Not a few folks make a meal of it, but the act of differentiating between books good, bad and abundantly ugly is fairly straightforward, I find. Several simple indicators—including care, competence and consistency—suggest which side of the divide to place a particular text. Assuming it surpasses these rudimentary measures, the thing is at least reasonably well written.
It is far harder, however, to pick apart the truly great from the good. There is no steadfast formula to work from, and often no fathomable factor beyond one’s feelings. Be that as it may, where there’s a will, there’s a way. I’m inclined to look for beauty—and indeed, The Vorrh is a beautiful book. So too does a sense of intelligence prove paramount when separating the standard from the remarkable—and Brian Catling’s dark fantasy debut certainly has smarts.
But all other considerations pale, in my eyes, when compared with a book’s ability to surprise. To wit, take the following statement for the compliment it is, rather than the complaint it might be perceived to be: The Vorrh is an exceptionally shocking novel.
By now you must be wondering: what is the Vorrh?
That’s easy. It’s a forest — albeit an imaginary forest, conceived by the poet and playwright Raymond Roussel (a fictionalised version of whom features hugely herein) in his 1910 novel, Impressions of Africa.
Do I hear a ‘What’s so extraordinary about that, then?’
Well… that would be telling. Nothing and everything is, equally. But here, a hint:
“For years, it was said that nobody had ever reached the centre of the Vorrh. Or, if they had, then they had never returned. Business expanded and flourished on its most southern outskirts, but nothing was known of its interior, except myth and fear. It was the mother of forests; ancient beyond language, older than every known species and, some said, propagator of them all, locked in its own system of evolution and climate.
“Dizzying abnormalities of compass and impossibilities of landing made it a pilot’s and navigator’s nightmare. All its pathways turned into overgrowth, jungle and ambush. The tribes that were rumoured to live there were barely human — some said the anthropogphagi still roamed. Creatures beyond hope. Heads growing below their shoulders. Horrors.”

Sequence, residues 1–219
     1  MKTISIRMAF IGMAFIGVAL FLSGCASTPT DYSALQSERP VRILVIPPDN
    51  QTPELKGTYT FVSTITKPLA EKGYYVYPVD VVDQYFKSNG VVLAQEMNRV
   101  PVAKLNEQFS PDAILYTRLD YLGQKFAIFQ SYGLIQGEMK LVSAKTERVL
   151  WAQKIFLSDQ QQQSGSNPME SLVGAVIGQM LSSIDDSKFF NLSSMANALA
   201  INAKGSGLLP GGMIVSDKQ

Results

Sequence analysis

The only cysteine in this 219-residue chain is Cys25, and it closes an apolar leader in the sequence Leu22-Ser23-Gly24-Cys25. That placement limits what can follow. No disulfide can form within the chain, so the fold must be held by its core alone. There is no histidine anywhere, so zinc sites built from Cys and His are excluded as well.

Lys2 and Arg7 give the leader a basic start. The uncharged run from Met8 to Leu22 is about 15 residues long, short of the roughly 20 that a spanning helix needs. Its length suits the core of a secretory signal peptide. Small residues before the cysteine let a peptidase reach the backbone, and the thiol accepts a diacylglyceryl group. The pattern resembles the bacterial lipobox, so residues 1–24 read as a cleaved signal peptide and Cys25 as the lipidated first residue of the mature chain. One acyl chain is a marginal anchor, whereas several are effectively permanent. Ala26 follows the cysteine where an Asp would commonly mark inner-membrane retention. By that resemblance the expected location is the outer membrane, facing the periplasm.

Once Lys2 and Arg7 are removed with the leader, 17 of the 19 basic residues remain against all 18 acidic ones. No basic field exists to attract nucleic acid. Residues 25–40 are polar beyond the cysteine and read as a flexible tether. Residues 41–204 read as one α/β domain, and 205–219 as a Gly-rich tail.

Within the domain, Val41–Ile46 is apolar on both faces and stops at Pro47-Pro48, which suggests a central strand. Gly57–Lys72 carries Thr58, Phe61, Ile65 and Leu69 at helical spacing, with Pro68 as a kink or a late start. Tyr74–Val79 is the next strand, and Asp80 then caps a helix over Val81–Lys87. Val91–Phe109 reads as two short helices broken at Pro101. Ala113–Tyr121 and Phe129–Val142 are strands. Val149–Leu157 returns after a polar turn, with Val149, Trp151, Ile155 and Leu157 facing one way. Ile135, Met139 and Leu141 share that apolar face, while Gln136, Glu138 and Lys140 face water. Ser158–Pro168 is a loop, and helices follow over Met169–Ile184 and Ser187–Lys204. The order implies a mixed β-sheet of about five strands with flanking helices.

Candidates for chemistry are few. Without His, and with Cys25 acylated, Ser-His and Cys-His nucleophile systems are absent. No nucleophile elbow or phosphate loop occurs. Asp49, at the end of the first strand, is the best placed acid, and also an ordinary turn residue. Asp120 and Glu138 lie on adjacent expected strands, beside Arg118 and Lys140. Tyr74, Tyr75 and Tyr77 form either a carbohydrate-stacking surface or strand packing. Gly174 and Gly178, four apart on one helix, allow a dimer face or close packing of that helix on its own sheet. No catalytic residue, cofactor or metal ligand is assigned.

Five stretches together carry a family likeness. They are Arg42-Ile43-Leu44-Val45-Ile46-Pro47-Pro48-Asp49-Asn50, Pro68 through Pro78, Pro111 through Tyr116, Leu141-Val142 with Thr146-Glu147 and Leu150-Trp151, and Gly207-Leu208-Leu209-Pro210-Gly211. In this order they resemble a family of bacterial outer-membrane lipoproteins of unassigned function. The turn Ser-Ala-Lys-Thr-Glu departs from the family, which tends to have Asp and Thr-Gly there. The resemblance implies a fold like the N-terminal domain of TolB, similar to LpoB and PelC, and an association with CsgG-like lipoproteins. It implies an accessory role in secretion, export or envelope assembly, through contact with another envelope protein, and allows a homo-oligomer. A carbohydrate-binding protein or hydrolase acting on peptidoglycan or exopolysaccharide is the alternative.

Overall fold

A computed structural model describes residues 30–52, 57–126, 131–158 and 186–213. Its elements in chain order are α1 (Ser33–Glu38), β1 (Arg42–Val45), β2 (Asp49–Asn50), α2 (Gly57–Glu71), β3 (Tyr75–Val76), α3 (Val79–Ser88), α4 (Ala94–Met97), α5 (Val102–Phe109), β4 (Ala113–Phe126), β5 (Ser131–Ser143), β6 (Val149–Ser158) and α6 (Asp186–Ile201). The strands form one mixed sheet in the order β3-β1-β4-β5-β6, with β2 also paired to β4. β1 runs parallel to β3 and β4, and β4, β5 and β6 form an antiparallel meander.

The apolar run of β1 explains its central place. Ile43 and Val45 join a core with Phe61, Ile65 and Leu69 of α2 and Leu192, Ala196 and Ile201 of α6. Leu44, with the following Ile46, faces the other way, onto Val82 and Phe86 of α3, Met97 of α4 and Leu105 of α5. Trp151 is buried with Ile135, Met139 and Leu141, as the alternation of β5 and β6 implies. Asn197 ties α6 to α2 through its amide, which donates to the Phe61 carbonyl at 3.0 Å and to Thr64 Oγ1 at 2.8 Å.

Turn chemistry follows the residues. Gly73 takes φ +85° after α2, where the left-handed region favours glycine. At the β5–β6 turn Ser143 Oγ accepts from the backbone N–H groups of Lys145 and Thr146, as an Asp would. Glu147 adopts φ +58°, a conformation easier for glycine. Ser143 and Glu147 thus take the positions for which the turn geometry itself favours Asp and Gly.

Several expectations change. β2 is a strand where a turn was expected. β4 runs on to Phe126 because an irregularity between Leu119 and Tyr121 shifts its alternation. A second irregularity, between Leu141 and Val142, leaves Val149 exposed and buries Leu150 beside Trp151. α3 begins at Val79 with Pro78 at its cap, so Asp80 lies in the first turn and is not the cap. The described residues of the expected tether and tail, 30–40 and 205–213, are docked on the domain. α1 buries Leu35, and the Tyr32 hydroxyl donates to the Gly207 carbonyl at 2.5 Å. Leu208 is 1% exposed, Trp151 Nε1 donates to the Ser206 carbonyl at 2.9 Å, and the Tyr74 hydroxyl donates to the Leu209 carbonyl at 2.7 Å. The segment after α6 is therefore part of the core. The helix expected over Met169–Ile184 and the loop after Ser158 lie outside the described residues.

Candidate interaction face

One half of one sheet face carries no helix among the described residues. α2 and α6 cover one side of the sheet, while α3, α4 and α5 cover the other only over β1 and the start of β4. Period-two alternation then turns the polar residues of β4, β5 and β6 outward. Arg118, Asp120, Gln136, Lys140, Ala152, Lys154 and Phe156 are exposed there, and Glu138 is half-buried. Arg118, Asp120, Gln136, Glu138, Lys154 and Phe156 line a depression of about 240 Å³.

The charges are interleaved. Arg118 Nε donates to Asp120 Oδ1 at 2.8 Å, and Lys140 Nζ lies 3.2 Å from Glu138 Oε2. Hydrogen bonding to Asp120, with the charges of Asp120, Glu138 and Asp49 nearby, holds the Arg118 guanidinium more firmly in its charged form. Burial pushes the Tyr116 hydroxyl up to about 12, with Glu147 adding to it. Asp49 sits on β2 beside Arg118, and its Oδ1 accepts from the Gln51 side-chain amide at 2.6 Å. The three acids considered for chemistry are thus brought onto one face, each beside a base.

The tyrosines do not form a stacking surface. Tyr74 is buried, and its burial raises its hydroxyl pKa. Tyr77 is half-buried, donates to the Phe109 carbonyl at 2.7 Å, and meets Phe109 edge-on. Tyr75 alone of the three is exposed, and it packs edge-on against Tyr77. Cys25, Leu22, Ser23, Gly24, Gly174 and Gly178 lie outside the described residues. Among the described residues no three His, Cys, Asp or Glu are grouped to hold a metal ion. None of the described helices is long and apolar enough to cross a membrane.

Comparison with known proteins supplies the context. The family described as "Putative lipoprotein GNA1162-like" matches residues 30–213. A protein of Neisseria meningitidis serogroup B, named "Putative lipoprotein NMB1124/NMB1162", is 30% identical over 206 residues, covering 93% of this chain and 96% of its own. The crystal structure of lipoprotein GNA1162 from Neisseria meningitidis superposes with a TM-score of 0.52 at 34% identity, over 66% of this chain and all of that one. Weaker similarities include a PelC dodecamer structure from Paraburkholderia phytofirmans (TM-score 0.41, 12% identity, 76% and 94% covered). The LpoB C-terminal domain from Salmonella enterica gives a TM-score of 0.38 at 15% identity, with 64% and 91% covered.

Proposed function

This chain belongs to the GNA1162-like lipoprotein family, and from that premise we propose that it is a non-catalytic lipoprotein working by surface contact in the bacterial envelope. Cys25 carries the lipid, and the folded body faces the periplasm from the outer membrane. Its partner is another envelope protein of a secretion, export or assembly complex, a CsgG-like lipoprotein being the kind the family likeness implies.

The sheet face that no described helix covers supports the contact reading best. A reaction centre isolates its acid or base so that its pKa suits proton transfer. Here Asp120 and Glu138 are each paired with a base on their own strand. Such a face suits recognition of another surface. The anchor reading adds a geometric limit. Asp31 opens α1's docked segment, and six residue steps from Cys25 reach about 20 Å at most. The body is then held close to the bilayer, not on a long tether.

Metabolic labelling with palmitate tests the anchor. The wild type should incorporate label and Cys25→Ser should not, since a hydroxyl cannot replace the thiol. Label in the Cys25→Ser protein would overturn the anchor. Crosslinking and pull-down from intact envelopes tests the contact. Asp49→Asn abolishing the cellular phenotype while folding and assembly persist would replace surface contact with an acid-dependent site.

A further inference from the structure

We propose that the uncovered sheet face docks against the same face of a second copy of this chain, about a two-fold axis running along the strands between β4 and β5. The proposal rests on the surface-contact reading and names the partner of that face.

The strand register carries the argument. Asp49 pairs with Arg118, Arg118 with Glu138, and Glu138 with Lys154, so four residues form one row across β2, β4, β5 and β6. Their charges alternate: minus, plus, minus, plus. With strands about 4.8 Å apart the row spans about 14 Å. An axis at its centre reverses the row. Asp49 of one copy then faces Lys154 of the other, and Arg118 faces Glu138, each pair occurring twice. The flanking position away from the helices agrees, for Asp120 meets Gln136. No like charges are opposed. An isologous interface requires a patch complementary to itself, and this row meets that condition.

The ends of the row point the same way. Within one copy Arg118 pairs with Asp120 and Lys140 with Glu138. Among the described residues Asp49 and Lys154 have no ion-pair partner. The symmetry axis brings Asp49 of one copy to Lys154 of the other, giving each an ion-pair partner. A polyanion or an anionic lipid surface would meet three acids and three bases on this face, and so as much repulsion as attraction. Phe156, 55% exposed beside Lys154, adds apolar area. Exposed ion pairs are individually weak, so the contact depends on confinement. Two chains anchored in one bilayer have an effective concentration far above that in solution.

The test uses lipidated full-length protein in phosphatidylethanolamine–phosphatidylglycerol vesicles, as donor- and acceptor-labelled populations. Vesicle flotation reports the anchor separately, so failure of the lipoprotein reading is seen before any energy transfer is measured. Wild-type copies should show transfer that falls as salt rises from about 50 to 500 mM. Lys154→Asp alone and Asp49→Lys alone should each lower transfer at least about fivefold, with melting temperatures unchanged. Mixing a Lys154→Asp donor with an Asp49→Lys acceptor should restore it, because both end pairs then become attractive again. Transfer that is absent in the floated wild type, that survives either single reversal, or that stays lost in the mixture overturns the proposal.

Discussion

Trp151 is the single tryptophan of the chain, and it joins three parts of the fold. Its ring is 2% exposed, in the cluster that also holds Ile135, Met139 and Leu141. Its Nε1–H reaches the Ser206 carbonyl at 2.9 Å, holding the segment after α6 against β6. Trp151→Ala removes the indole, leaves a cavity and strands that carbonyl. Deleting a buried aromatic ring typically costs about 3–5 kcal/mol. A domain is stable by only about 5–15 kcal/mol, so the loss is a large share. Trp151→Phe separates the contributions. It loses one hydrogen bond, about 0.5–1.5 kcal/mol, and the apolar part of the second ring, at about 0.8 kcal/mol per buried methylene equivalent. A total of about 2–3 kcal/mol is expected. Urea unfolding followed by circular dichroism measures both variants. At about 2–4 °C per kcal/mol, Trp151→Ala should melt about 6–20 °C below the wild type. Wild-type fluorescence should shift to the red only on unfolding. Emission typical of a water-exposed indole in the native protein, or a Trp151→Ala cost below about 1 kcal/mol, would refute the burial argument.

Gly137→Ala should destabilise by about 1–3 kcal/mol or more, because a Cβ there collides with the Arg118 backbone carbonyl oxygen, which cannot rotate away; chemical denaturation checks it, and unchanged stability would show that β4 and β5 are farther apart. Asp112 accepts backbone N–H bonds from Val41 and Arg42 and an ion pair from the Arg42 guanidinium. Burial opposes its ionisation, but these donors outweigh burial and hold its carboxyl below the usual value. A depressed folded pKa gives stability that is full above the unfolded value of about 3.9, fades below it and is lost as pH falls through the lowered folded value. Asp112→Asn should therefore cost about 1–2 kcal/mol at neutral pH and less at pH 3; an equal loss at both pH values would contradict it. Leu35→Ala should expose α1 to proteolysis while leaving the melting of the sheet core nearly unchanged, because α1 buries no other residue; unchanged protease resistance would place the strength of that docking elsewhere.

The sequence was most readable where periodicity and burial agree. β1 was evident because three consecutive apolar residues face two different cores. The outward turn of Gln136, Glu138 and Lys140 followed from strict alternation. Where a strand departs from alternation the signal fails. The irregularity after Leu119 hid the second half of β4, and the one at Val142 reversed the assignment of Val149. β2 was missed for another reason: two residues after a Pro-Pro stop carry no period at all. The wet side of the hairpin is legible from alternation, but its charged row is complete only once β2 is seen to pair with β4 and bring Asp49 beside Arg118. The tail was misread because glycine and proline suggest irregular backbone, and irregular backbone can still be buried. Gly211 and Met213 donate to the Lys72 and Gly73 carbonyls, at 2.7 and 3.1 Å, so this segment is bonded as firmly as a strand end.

At bottom, then, the Vorrh is a Bermuda Triangle of sorts, practically uncharted and wholly unknowable; a landlocked expanse of eerie trees and creepy creatures which almost all of our narrators find themselves drawn towards, for one reason or another.
There’s the basement-bred cyclops, Ishmael, who aims to escape the hatefulness of humanity after being brutalised during his first trip into town. Hot on his heels comes Ghertrude Tulp, his conflicted lover-come-carer, and alongside her, another of Ishmael’s admirers: blind since birth, Cyrena Lohr is suddenly sighted after a dalliance with the one-eyed man. Now she worships him, from afar if not necessarily nearby.
Then there’s the aforementioned Frenchman, initially unnamed but eventually unmasked as the creator of this forest in actual fact. In the less literal fiction, Raymond Roussel visits the Vorrh with a perfect specimen of the tribal True People. He imagines it will inspire him, and in its way, it will — but what price enlightenment? One far higher, I fear, than this pilgrim is prepared to pay.
And the book features another almost-anonymous narrator whose identity I’ll refrain from giving away. To boot, it begins with him—in of one of the year’s most memorable scenes—as he carves a bow out of the bones of his late lover, strung with sinew, and fashions arrows from Este’s organs. From here on out, we know him as the Bowman. Sudden onset amnesia means he knows little else about himself—and we are as in the dark as he—except that “everything in his life was a mystery […] his only purpose seemed to be to travel through the Vorrh.”